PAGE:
Every decade or so, there is talk of an animation museum in the United States, and while none has ever been built, two new museums on the horizon promise to be a pretty big deal for the film and animation communities.
The Lucas Cultural Arts Museum and the Academy Museum will hopefully be two huge steps forward in the preservation and public education of filmmaking. These forthcoming institutions also serve as a reminder that film museums present a set of wholly unique challenges for the curators, designers and developers involved.
To see the world’s most famous paintings and sculptures, you have to go to a museum. The world’s most famous films, however, can be seen at a movie theater. Therefore, any film or animation museum has to offer a richer experience that brings the audience closer to the filmmaking process. In doing this, five major challenges—aside from financial ones—arise for the film museum.
1. Exhibiting the Filmmaking Process
When was the last time you heard of a museum exhibition on the making of the Mona Lisa? Or Michelangelo’s David? The processes behind the most famous paintings, drawings or sculptures are rarely revealed in museums. The curators, in fact, function under the assumption that patrons have a general understanding of how to paint and sculpt. A film, on the other hand, is created through the joint effort of hundreds of people, each with a specific job that isn’t necessarily understood by the general public. Directors, prop masters, animators, costumers, layout artists, grips—all of these roles must be defined by a film museum in such a way that anyone, from a child to an adult, could understand. This requires infinite amounts of primary research from curators, while producing a huge headache for exhibition designers.
It’s not as simple as hanging a few character model sheets onto a wall—film museums have to explain the jobs of character designers and visual development artists, and how they contribute to the final product. This explanation usually involves text, supporting photographs and film clips displayed on monitors. Creating this educational experience is worthwhile, but demands careful planning and coordination.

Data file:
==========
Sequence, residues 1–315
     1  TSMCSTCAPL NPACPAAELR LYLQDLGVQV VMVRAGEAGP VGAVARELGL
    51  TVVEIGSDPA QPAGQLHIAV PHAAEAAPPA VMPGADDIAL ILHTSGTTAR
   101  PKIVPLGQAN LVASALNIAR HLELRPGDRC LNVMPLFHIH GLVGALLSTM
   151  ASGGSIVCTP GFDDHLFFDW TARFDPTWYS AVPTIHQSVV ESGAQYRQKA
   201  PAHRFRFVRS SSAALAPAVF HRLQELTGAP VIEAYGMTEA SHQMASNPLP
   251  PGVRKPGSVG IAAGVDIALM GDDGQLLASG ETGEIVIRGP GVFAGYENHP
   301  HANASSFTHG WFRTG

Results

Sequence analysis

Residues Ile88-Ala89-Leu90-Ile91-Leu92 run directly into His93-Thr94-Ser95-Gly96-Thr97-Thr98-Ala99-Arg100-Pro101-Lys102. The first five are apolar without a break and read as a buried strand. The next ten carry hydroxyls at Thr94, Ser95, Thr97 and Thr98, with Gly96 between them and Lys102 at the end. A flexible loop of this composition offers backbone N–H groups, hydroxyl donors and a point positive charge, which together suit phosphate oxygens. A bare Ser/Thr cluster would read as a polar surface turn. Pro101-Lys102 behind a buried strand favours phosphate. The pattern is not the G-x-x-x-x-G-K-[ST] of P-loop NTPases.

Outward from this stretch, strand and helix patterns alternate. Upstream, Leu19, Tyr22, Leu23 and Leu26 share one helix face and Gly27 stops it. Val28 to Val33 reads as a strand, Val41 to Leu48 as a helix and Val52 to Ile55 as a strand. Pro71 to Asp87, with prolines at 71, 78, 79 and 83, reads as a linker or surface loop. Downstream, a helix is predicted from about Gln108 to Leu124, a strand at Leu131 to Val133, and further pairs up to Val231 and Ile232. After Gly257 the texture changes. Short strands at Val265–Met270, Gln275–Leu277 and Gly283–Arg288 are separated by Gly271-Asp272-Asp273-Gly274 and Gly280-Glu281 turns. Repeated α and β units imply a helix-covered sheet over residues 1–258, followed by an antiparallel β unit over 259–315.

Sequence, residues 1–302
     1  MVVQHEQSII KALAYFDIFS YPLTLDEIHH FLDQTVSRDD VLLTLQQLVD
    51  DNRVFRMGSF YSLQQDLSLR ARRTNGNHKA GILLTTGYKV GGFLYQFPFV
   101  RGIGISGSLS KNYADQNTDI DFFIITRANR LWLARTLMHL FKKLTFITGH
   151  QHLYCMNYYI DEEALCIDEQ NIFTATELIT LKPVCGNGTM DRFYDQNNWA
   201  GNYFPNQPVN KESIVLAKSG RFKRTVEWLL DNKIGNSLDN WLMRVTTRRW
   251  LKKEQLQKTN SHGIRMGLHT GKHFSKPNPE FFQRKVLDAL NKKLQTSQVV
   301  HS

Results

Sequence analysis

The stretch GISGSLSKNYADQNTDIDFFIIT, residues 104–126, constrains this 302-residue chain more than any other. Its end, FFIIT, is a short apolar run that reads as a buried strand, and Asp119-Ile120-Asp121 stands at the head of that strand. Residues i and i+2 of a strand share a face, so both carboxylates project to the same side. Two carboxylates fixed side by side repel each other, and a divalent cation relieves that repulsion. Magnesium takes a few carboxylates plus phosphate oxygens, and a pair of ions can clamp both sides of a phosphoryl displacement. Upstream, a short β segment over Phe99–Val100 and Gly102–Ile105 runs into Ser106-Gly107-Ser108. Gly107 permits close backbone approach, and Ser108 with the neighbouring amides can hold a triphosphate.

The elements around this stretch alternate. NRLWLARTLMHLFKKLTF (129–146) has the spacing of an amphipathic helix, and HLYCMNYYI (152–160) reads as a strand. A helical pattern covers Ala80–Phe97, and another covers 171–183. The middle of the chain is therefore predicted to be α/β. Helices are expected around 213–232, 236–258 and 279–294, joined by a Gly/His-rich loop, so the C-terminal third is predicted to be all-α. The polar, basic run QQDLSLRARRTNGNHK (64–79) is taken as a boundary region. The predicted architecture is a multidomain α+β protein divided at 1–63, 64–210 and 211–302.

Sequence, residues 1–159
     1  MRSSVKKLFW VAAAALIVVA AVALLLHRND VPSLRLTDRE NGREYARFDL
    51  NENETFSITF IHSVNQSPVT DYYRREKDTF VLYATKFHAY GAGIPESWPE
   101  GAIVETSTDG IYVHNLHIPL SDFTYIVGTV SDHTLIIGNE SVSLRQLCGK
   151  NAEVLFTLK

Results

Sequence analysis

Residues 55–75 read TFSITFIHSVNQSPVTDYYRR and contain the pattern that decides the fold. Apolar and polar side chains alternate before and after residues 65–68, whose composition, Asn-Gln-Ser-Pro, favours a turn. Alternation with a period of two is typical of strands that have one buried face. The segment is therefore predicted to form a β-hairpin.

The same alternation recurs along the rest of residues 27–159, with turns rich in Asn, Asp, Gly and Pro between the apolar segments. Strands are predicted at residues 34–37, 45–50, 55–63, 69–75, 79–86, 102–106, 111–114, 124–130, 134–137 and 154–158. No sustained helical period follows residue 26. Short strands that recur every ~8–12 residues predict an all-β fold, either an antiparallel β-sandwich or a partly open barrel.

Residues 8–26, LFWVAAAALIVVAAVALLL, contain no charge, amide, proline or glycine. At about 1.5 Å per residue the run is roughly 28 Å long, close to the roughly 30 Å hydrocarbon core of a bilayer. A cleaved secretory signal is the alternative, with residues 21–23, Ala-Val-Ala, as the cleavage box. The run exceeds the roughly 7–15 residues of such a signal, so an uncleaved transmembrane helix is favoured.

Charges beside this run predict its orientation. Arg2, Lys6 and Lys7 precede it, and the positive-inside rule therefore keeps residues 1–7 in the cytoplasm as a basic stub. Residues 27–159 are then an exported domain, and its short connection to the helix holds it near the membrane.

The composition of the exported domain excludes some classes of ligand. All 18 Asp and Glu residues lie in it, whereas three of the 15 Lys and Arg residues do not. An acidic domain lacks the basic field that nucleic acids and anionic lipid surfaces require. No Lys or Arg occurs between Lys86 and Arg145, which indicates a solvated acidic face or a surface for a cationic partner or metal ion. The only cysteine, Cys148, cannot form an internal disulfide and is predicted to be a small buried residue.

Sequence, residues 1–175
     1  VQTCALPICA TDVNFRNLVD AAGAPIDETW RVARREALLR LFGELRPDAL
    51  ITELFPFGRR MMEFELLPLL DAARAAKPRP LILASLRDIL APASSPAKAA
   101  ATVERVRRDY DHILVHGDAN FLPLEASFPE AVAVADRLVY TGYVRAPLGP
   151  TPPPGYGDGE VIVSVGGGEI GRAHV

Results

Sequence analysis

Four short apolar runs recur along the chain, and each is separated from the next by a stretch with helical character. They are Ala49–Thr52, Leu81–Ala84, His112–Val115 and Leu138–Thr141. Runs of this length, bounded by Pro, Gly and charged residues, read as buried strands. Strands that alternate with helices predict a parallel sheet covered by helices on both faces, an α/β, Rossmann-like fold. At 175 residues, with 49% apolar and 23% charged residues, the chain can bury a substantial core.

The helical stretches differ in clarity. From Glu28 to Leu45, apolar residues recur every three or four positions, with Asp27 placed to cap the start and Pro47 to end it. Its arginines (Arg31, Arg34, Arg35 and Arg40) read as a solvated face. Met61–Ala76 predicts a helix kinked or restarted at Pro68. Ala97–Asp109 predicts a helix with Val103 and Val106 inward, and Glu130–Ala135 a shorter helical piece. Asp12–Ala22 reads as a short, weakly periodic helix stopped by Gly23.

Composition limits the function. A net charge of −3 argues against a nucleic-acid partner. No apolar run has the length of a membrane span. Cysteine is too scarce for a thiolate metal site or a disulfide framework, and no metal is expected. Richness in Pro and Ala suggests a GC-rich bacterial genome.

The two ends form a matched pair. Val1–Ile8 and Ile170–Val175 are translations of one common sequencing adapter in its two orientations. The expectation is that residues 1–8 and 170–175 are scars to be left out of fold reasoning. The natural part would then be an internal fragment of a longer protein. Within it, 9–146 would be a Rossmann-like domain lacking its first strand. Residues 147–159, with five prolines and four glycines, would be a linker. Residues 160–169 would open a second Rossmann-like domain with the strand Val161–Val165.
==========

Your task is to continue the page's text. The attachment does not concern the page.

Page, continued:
The products that result from making movies—costumes, props, masks, storyboards, paints, sketches, scripts—are not made to last. They are only made to survive the time it takes to produce the final cut of the film. If these objects even survive, which is often thanks to a sentimental crew member, they present major conservation challenges that are sometimes impossible to overcome. Background sketches, for example, are often created on newsprint, a non-archival paper that quickly yellows with time. Old reels of 35mm film are at risk of fading, molding or even catching fire. Yoda, a 30-year-old animatronic puppet, is notoriously known as the ultimate conservator’s nightmare. His latex body practically melts with time, degrading further with each instance he is moved from storage to display. With film ephemera, there isn’t much conservators can do besides wear white gloves, use temperature-controlled storage, and try their best to stave off deterioration.
The majority of museums dedicated to film have screening rooms, therefore they need thoughtful, exciting programming that pulls in a wide range of audiences. Typically, this is where animation gets the shaft; if shown, animation is often billed as a daytime family-oriented event. It is paramount for these museums to have the foresight of an adept curator who knows how to balance rare, niche screenings with crowd pleasers.
4. Going Digital
While leaving a film to deteriorate on 35mm stock is obviously a bad idea, digital transfers are temporary fixes. Discs, USB keys, and any device that stores data are ultimately not stable, at least not by a curation standard. As more filmmakers produce digital work, museums will struggle with concerns over proper storage and care. This is a universal problem at the moment, affecting any institution that collects digital formats. Fortunately, there are whole college majors devoted to the study and development of best practices for digital archiving.
It’s hard to imagine any visual art that must contend with as big of a unified myth as film. The lore of Hollywood is irrevocably intertwined with film, a relationship that affects the design and architecture of the museum itself. The Academy Museum, for example, is building a multimedia exhibition that lets visitors “walk the red carpet.” While any film museum, especially one based in Los Angeles with connected donors, must pay homage to Hollywood, it’s easy for these institutions to get bogged down in all the related tropes: red velvet curtains, wall sconces that look like film reels, potted palm trees, and vintage movie signs. All these symbols are iconic and recognized by a mass audience, but museums have to know when to put on the brakes and let the art of filmmaking, not the nostalgia surrounding it, speak for itself.
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